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Okay as an entry-level reading and for getting an overview of the current data warehousing / big / unstructured data hype, but too little detail, and there are embarrassing mistakes which could have been avoided. If you're writing a book on unstructured data, with a heavy focus on textual data, maybe you should have it proof-read by a computational linguist - who could tell you, for instance, that stemming (http://en.wikipedia.org/wiki/Stemming) does *not* mean 'reducing words to their latinate roots', because 1) not all English words have latinate roots and 2) not only those with latinate roots are affected by stemming - all words are reduced to their roots, whether latinate or not. Embarrassing!
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Ich habe einige Jahre im IR- bzw. NLP-Umfeld gearbeitet und dadurch schnell erkannt, dass es da enorme Parallelen zum BI/DWH-Bereich gibt, mit dem Unterschied, dass man textuelle Daten verarbeitet und analysiert. Dieses Buch gibt eine Einführung in diese Thematik, aber auch nicht mehr! Es handelt sich nicht um ein Werk, das ausgiebig und auf akademischen Niveau die Thematik behandelt. Fazit, kann man als Einführungsbuch verwenden, aber nicht für viel mehr. Hätte mir eigentlich mehr erhofft...
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This book ist good at giving some direction in integrating the unstructured data into a data warehouse. The first chapters are strong, because they explain very well the diferrence between structured and unstructured data. Also categorization of unstructed data, like type of language "formal/informal", jargon, Repeated data, Updated is a useful way to cluster unstructured data.

However the approach to integrate unstructured data is pretty poor. The example in the book ar so simple, so that the reader might think: why should I do this integration? Where is the benefit?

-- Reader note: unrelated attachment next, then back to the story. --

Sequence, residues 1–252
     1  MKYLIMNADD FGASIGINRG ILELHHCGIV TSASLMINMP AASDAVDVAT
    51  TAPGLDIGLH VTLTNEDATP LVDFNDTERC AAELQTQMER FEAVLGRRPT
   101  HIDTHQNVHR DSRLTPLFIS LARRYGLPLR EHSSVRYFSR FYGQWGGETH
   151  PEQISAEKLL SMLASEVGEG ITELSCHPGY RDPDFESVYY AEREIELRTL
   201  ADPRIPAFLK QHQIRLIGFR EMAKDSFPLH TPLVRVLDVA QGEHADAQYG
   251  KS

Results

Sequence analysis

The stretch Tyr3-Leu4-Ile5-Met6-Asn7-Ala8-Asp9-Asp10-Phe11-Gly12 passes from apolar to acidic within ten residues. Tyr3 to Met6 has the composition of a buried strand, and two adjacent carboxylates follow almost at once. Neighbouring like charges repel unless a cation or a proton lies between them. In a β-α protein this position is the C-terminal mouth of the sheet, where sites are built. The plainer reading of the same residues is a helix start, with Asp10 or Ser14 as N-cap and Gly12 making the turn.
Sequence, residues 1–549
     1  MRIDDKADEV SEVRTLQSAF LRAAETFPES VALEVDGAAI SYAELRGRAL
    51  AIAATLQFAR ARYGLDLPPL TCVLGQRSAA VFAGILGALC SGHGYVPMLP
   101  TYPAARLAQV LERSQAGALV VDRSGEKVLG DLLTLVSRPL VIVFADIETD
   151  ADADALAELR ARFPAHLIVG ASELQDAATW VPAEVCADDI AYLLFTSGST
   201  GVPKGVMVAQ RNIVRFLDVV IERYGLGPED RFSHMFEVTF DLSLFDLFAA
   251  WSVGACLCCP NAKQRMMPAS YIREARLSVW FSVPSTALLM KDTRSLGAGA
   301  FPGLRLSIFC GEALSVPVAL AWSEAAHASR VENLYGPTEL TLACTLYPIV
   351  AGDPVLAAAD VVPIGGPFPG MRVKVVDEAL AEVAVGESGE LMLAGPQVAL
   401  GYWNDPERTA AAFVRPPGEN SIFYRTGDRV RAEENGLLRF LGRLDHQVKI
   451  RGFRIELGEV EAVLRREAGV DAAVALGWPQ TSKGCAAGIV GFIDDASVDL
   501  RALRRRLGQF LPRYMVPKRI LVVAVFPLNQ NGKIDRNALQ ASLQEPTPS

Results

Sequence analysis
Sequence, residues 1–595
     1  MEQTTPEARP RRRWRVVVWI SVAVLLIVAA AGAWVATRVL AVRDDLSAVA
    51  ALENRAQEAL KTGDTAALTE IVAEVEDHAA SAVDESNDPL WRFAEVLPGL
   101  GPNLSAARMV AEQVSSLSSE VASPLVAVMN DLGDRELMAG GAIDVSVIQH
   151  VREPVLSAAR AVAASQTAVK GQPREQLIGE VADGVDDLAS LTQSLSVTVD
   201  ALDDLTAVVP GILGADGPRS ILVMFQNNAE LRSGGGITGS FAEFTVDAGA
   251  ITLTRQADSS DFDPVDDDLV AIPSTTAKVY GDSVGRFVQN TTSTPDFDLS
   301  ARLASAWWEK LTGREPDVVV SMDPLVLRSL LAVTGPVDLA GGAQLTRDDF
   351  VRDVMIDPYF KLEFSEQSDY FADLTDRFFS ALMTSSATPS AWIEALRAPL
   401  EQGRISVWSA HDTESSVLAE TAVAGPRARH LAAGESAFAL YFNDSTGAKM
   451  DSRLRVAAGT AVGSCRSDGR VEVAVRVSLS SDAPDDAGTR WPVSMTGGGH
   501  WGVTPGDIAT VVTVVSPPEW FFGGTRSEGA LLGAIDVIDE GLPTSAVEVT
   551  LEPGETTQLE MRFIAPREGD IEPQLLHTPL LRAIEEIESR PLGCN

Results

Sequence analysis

The chapter 10, "Spreadsheets and Emails" does not bring any value to integration. It describes some situation on customer sites, but it doesn't make any valuable proposal, how to integrate them.

The book is missing references or chapters dedicated to RDF or ECM (Enterprise Content Management) which are essential in integrating unstructured data.

Generally speaking, it describe some aspects of the unstructured data, make some very high level of integrating the unstructured data, but doesn't go that deep, so that reader really know what they have to do.

It seems that the authors are good theoreticians, but they lack practice in working with unstructured data.
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Amazon.com: 2.5 von 5 Sternen 4 Rezensionen
12 von 13 Kunden fanden die folgende Rezension hilfreich
2.0 von 5 Sternen High-Level Description of Text Analysis 1. Dezember 2010
Von John M. Ford - Veröffentlicht auf Amazon.com
Format: Taschenbuch Verifizierter Kauf
William Inman and Anthony Nesavich introduce the concepts of text analysis. They build on readers' familiarity with analysis of structured data from spreadsheets and databases. They describe how to transform text data into numbers and categories that can be analyzed with these traditional methods.